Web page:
The inhabitants of the United States are subject to all the wants and all the desires which result from an advanced stage of civilization; but as they are not surrounded by a community admirably adapted, like that of Europe, to satisfy their wants, they are often obliged to procure for themselves the various articles which education and habit have rendered necessaries. In America it sometimes happens that the same individual tills his field, builds his dwelling, contrives his tools, makes his shoes, and weaves the coarse stuff of which his dress is composed. This circumstance is prejudicial to the excellence of the work; but it powerfully contributes to awaken the intelligence of the workman. Nothing tends to materialize man, and to deprive his work of the faintest trace of mind, more than extreme division of labor. In a country like America, where men devoted to special occupations are rare, a long apprenticeship cannot be required from anyone who embraces a profession. The Americans, therefore, change their means of gaining a livelihood very readily; and they suit their occupations to the exigencies of the moment, in the manner most profitable to themselves. Men are to be met with who have successively been barristers, farmers, merchants, ministers of the gospel, and physicians. If the American be less perfect in each craft than the European, at least there is scarcely any trade with which he is utterly unacquainted. His capacity is more general, and the circle of his intelligence is enlarged.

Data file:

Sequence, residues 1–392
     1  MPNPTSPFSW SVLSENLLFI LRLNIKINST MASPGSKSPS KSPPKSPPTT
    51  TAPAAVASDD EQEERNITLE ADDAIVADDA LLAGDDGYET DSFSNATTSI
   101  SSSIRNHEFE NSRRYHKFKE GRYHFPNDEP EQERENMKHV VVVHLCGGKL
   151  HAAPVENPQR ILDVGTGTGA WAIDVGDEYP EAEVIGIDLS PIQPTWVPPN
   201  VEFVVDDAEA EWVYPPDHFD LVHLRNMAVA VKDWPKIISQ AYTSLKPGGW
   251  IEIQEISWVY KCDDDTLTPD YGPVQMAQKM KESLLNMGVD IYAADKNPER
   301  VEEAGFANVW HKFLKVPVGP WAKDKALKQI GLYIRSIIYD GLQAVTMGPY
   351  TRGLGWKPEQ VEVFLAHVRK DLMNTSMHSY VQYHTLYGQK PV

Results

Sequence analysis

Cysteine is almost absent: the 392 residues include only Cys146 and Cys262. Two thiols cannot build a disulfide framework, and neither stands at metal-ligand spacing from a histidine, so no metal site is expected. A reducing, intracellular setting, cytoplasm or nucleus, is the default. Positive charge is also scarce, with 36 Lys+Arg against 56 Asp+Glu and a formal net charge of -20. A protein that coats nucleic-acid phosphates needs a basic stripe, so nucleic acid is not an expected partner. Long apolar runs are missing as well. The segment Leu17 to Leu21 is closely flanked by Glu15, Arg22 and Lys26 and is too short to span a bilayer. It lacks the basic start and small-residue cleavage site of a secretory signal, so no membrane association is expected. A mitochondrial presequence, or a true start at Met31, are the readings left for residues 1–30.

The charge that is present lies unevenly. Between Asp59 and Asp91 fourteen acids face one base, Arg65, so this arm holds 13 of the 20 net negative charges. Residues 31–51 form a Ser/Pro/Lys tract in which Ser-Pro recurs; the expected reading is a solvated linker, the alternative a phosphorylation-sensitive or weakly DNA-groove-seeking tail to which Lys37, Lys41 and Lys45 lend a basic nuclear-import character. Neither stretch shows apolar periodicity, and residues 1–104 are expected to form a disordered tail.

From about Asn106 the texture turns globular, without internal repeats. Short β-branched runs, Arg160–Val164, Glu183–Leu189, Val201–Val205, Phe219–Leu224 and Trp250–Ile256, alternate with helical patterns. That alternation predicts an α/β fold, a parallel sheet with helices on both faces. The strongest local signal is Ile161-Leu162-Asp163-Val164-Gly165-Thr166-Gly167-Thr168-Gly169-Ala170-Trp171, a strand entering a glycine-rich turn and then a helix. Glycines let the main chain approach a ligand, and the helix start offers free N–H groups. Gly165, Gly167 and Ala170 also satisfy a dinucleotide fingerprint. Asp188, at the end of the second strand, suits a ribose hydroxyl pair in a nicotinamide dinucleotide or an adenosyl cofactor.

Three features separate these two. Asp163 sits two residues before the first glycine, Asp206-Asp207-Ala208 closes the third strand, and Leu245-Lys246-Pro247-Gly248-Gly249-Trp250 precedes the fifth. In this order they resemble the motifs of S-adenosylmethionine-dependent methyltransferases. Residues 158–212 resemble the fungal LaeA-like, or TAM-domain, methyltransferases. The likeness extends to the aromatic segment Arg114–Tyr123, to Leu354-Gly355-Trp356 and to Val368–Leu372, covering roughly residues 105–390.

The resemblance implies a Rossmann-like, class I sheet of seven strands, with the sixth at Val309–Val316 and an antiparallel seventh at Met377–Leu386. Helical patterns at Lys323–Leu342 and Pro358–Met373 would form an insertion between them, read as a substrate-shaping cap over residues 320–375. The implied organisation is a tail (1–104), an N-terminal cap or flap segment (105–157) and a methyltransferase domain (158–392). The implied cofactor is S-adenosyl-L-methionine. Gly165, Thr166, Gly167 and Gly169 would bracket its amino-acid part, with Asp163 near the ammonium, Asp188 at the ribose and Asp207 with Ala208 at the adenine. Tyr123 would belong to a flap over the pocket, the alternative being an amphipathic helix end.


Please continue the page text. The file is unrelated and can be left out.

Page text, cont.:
The inhabitants of the United States are never fettered by the axioms of their profession; they escape from all the prejudices of their present station; they are not more attached to one line of operation than to another; they are not more prone to employ an old method than a new one; they have no rooted habits, and they easily shake off the influence which the habits of other nations might exercise upon their minds from a conviction that their country is unlike any other, and that its situation is without a precedent in the world. America is a land of wonders, in which everything is in constant motion, and every movement seems an improvement. The idea of novelty is there indissolubly connected with the idea of amelioration. No natural boundary seems to be set to the efforts of man; and what is not yet done is only what he has not yet attempted to do.
This perpetual change which goes on in the United States, these frequent vicissitudes of fortune, accompanied by such unforeseen fluctuations in private and in public wealth, serve to keep the minds of the citizens in a perpetual state of feverish agitation, which admirably invigorates their exertions, and keeps them in a state of excitement above the ordinary level of mankind. The whole life of an American is passed like a game of chance, a revolutionary crisis, or a battle. As the same causes are continually in operation throughout the country, they ultimately impart an irresistible impulse to the national character. The American, taken as a chance specimen of his countrymen, must then be a man of singular warmth in his desires, enterprising, fond of adventure, and, above all, of innovation. The same bent is manifest in all that he does; he introduces it into his political laws, his religious doctrines, his theories of social economy, and his domestic occupations; he bears it with him in the depths of the backwoods, as well as in the business of the city. It is this same passion, applied to maritime commerce, which makes him the cheapest and the quickest trader in the world.